According to the White House, Deputy Administrator Robert Perciasepe is set to take over as acting administrator if a successor has not been confirmed upon Jackson’s departure. Perciasepe, who was confirmed by the Senate during the Clinton administration, is also a leading candidate to succeed Jackson. Another is Gina McCarthy, Assistant Administrator for EPA’s Office of Air and Radiation. Additional potential nominees include California Air Resources Board Chair Mary Nichols, Connecticut Department of Energy and Environmental Protection Daniel Esty (also considered a candidate for Energy Secretary if Steven Chu resigns) and Kathleen McGinty, who chaired the White House Council on Environmental Quality under former President Clinton.

The new EPA administrator can expect to receive regular requests from Members of Congress to testify on Capitol Hill, particularly from House Republicans who have been highly critical of the agency’s clean air and water regulatory efforts. The agency has also been a perennial target of House appropriators seeking funding reductions to the overall federal budget.


On Dec. 21, the National Oceanic and Atmospheric Administration (NOAA) announced it has finalized a federal protection listing for two species of Arctic seals.

Two distinct population segments of bearded seals and three subspecies of ringed seals will now be listed as threatened under the Endangered Species Act. A fourth arctic ringed seal subspecies in the Ladoga region will be classified as endangered. NOAA scientists concluded that a probable decrease in sea ice in the region later this century will likely cause these seal populations to decline.

Both ringed seals and bearded seals rely on sea ice for extended periods during molting and both species use sea ice to rear their young. Ringed seals care for their young in snow caves, which are threatened by late ice formation, decreasing snow depths and other impacts of climate change. Bearded seals live on sea ice during critical months of breeding and rear their cubs on pack ice near food sources.

The announcement coincided with a court-ordered deadline spurred by a petition from the Center for Biological Diversity. For additional information click here:


The Ecological Society of America is accepting applications for its annual Graduate Student Policy Award until close of business Monday, January 7, 2013.

This annual award, offered to up to three ESA graduate students, provides hands-on science policy experience including policy training and interacting with congressional decision-makers, federal agency officials, and others engaged in science and public policy.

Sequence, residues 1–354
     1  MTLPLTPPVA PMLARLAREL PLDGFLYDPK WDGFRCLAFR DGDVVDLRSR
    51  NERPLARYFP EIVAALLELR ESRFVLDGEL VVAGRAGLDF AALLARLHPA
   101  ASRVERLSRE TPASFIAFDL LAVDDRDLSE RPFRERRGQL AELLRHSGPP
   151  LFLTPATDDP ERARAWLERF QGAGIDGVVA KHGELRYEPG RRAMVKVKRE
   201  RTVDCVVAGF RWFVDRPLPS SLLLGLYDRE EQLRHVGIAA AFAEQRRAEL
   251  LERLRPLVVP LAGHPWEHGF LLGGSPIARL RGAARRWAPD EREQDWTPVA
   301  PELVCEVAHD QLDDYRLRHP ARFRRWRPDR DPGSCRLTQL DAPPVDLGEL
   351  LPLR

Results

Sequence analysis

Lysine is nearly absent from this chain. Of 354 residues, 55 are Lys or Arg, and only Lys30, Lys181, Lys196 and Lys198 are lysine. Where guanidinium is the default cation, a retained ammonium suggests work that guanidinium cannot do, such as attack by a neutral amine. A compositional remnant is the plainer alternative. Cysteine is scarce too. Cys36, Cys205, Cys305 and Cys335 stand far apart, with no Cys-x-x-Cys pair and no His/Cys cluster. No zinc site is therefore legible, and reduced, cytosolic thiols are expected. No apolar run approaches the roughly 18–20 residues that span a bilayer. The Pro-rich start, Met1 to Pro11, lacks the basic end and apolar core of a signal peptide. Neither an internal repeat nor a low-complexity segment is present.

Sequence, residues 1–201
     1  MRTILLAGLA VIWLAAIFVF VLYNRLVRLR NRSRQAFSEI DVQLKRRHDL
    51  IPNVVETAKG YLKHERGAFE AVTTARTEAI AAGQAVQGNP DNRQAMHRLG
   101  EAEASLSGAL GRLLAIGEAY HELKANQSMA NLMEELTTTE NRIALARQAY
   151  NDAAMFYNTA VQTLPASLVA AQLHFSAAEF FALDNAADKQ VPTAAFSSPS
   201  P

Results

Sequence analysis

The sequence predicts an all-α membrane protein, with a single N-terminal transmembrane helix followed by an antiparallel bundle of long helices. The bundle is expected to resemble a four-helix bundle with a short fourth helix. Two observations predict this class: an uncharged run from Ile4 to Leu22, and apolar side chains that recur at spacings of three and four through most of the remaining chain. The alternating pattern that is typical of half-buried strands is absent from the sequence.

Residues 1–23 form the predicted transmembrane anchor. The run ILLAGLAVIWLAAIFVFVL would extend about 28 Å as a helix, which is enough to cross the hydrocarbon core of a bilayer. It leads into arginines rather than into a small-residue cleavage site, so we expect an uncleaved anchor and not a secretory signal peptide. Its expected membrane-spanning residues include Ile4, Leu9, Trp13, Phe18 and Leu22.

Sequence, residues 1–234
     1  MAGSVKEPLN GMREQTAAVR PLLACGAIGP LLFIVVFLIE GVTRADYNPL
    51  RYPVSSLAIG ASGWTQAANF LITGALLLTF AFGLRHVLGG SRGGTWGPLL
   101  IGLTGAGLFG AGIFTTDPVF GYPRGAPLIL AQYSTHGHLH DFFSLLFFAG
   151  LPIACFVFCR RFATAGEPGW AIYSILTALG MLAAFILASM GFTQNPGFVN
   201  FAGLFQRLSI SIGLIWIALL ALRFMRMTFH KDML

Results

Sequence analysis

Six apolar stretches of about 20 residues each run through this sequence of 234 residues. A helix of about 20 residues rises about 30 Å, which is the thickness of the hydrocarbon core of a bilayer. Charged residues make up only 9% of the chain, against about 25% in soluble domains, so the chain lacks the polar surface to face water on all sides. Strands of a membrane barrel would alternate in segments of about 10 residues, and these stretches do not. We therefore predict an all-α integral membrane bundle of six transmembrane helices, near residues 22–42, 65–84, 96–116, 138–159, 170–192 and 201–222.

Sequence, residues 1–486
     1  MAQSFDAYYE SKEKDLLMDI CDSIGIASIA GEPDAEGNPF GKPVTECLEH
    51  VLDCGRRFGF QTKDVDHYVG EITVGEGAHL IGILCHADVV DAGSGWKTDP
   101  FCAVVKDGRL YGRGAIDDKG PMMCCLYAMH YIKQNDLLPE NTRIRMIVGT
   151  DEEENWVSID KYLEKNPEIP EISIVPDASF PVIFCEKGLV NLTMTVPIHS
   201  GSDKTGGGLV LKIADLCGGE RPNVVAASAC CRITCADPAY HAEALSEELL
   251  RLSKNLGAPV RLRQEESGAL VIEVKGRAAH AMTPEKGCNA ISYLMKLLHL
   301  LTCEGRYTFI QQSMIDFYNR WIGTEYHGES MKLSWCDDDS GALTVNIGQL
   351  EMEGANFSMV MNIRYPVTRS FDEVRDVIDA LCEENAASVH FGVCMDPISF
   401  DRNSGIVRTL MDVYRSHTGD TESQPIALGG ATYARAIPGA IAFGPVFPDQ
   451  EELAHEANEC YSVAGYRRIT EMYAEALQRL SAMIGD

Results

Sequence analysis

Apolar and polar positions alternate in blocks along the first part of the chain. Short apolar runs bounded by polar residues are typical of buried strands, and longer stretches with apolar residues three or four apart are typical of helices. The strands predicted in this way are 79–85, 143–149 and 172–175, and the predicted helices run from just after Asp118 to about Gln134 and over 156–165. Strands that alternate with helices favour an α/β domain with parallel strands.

GSPA winners participate in the annual Congressional Visits Day, a two-day event that will be held on April 10 and 11, 2013. ESA covers travel and lodging expenses associated with this event for all GSPA recipients. ESA is co-organizer of Congressional Visits Day, sponsored by the Biological Ecological Sciences Coalition to promote federal investment in the biological sciences, particularly through the National Science Foundation.

For more information on how to apply, click here:


Passed House

H.R. 41, to temporarily increase the borrowing authority of the Federal Emergency Management Agency for carrying out the National Flood Insurance Program – Sponsored by Rep. Scott Garrett (R-NJ), the bill provides $9.7 billion in additional borrowing authority to provide flood insurance related to Hurricane Sandy. The bill passed the House Jan. 4 by a vote of 354-67 and is expected to pass the Senate by unanimous consent.

Cleared for White House

H.R. 6060, the Endangered Fish Recovery Programs Extension Act of 2012 – Sponsored by Rep. Rob Bishop (R-UT) – the bill reauthorizes $6 million in hydropower revenues to fund endangered fish recovery programs through 2019. The bill passed the Senate Jan. 1 by unanimous consent after passing the House in Sept.

H.R. 4606, to authorize the issuance of right-of-way permits for natural gas pipelines in Glacier National Park – Sponsored by Rep. Denny Rehberg (R-MT) the bill clarifies the National Park Service’s authority to allow maintenance of a natural gas line that runs through a portion of Glacier National Park in Montana. The bill passed the Senate Jan. 2, 2013 by unanimous consent after passing the House in Dec.  2012.

H.R. 3641, the Pinnacles National Park Act – Sponsored by Rep. Sam Farr (D-CA) the bill upgrades California’s Pinnacles National Monument to a national park. The bill passed the Senate Dec. 31 by unanimous consent after passing the House in July.

Sources: Center for Biological Diversity, Energy and Environment Daily, E&E News PM, Environmental Protection Agency, Greenwire, the Hill, National Oceanic and Atmospheric Administration, POLITICO, Roll Call, Senate Environment and Public Works Committee, the Washington Post